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 ~ National Lightning Safety Institute ~

Section 3.2

Lightning Costs and Losses from Attributed Sources

Compiled in April 2008 by the National Lightning Safety Institute

Accurate information about lightning-caused damage is elusive. However, our research suggests realistic U.S. lightning costs and losses may exceed $5 to $6 billion per year. Only sporadic reporting of costs in other countries is available. Verifiable topical sources that discuss lightning consequences include:


1.1 Forest fires - The period 2000-2006 showed 12,000 wild land fires started by lightning per year. This amounts to an average of 5.2 million acres annually. Source: National Interagency Fire Center, 2007.

1.2 Fires to structures - 18% of all lumberyard fires and 30% of all church fires are lightning-related. Source: Ohio Insurance Institute, Columbus OH.

1.3 During 2002-2004 U.S. fire departments responded annually to about 31,000 fires caused by lightning with $213,000,000 in direct property damages. Source: NFPA Report, January 2008.


2.1 Homeowner paid claims only (which do not include policy deductible amounts) are as follows for 2008: The number of paid insurance claims was 246,200. Insured losses were $1.065 billion. The average cost per claim was $4,324. Source: Insurance Information Institute, NY, press release, 6/22/09.

2.2 Lightning is responsible for more than $5 billion in total insurance industry losses annually, according to Hartford Insurance Co. Source: TMCNet Newsletter, Sept 14, 2006.

2.3 On annual average, we pay out about 3% to 4% of our claims as a result of lightning. Source: Factory Mutual Companies.


3.1 Looking specifically at storage and processing activities, lightning accounts for 61% of the accidents initiated by natural events; in North America, 16 out of 20 accidents involving petroleum products storage tanks were due to lightning strikes. Source: Journal of Hazardous Materials 40 (1995) 43-54

3.2 A lightning-caused explosion at the Naval Air Rocket Test Station (Lake Denmark NJ, 1926) cost $70 million with 13 people killed. Source: P. Viemeister, "The Lightning Book"

3.3 Thirty percent of U.S. businesses suffer damage from lightning storms. Source: Carnegie Mellon Report, 02/06.


4.1 Some 30% of all power outages annually are lightning-related, on average, with total costs approaching $1 billion dollars. Source: Ralph Bernstein, EPRI; Diels, et al (1997)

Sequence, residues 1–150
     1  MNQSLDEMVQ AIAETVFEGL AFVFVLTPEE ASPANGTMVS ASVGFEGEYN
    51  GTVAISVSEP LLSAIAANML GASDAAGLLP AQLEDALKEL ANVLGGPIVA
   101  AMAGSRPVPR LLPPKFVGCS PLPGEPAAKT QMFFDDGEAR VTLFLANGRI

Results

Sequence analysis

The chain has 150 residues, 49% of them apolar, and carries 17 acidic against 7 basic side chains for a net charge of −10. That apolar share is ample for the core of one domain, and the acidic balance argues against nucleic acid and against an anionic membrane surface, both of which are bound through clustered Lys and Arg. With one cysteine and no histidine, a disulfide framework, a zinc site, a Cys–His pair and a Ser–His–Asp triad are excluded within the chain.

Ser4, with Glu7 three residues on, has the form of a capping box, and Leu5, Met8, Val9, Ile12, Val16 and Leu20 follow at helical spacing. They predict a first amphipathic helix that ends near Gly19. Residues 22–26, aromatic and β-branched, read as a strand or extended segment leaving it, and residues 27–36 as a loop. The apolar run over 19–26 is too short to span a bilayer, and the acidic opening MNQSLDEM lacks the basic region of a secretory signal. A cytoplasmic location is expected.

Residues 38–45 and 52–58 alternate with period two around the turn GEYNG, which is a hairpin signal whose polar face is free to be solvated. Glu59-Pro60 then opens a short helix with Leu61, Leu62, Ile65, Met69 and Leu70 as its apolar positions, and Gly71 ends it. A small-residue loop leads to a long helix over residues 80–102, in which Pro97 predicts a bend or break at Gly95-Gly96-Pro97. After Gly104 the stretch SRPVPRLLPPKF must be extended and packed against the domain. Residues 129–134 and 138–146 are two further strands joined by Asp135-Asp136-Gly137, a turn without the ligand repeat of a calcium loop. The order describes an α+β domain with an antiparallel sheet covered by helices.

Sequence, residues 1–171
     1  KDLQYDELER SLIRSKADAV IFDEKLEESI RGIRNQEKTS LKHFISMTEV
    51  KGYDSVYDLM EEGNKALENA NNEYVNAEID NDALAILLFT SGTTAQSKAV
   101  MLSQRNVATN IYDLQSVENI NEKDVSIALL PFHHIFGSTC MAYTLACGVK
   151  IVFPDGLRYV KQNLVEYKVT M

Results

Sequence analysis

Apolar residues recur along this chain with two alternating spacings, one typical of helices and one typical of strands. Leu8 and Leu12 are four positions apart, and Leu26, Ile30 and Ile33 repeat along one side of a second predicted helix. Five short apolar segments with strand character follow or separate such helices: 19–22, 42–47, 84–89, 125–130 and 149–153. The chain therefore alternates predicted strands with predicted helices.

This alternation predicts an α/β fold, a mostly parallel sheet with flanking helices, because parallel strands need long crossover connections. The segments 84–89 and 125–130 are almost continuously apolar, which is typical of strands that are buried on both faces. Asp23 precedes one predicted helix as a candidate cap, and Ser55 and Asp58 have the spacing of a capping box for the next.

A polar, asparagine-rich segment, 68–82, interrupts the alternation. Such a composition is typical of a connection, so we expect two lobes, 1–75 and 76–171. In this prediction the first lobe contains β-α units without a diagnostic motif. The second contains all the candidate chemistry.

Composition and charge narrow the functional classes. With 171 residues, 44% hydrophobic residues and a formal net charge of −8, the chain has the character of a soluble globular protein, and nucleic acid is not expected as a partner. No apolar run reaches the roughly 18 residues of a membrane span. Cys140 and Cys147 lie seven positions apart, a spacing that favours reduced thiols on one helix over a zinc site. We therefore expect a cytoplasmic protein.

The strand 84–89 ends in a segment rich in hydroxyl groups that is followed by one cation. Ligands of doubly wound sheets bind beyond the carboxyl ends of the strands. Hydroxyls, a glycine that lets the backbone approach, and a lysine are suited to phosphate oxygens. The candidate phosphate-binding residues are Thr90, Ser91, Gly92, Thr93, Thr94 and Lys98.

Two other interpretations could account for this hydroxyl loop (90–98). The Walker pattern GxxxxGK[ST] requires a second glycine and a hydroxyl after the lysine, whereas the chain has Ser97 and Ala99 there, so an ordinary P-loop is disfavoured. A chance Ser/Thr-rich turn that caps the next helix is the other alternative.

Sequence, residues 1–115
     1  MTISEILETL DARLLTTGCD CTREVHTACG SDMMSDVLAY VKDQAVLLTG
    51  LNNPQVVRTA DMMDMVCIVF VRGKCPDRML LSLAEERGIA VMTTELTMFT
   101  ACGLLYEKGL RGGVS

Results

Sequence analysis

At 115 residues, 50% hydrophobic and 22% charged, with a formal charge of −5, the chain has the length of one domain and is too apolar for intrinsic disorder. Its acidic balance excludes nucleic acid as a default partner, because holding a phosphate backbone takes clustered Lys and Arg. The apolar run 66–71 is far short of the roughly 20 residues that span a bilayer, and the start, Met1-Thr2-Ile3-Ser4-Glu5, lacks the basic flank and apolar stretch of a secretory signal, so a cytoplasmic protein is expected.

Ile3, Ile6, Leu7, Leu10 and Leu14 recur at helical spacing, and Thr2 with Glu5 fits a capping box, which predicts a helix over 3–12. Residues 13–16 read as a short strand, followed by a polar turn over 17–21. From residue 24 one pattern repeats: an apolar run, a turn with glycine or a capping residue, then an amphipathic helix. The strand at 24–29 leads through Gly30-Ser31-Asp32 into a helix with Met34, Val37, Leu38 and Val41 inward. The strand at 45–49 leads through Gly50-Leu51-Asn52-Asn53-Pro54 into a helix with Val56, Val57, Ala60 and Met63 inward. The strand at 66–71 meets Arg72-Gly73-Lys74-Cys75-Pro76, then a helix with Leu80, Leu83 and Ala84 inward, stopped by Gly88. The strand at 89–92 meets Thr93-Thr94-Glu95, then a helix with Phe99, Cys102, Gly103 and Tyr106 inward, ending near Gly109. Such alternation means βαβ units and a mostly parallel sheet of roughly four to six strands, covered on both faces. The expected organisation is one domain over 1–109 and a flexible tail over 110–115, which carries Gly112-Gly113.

4.2 The safety feature activations of the digital and I&C equipment at utility company nuclear power plants were initiated by lightning in 19% of the cases. Source: U.S. Nuclear Regulatory Commission, NUREG/CR-6579.

4.3 Our database shows 145 lightning events to privately owned nuclear power plants in the period 1985-2000. Source: U.S. Nuclear Regulatory Commission, Report March 2001.


5.1 U.S. - Plant loss in Texas $420,000,000; plant loss in Oklahoma $52,000,000; plant loss in Virginia $52,000,000; plant loss in Louisiana $10,000,000; another plant loss in Texas $10,000,000.

5.2 Non-U.S. - Plant loss in Mazeikiu, Lithuania $150,000,000; plant loss in Sicily, Italy $133,000,000; plant loss in Johor Port, Malaysia $25,000,000; plant loss in Ontario, Canada $17,000,000; plant loss in Queensland, Australia $14,000,000; plant loss in Vienna, Austria $12,000,000.


The following examples were taken from Google searches:

6.1 South African South Deep JV mine lost 1 month production due to lightning and flooding (2005).

6.2 Porgera JV mine in Papua New Guinea had a severe lightning strike shutting down 50% of electrical power for more than three months at a production loss of $750,000/day (2006).

6.3 An Australian nickel mine manager was struck by lightning and killed (2001).

6.4 A Tennessee smelter pot line is “frozen” by a lightning-induced electrical outage. 164 pots have to be dug out by hand. Production is shut down for seven weeks (2007).

6.5 Twelve miners killed by lightning-caused methane gas explosion (West Virginia, 2005) .


7.1 If the theory of global warming is correct, “we could see double or triple, even more, in the number of lightning strikes by mid-century.” Source: Dr. Martin Uman, Univ. of Florida Lightning Research Center, quoted in article in New York Times, Sept. 9, 2001.

7.2 Chinese scientists have warned that global warming is likely to intensify extreme weather patterns, and severe storms in recent years may be a prelude to this. Source: China Meteorological Administration, July 30, 2007.


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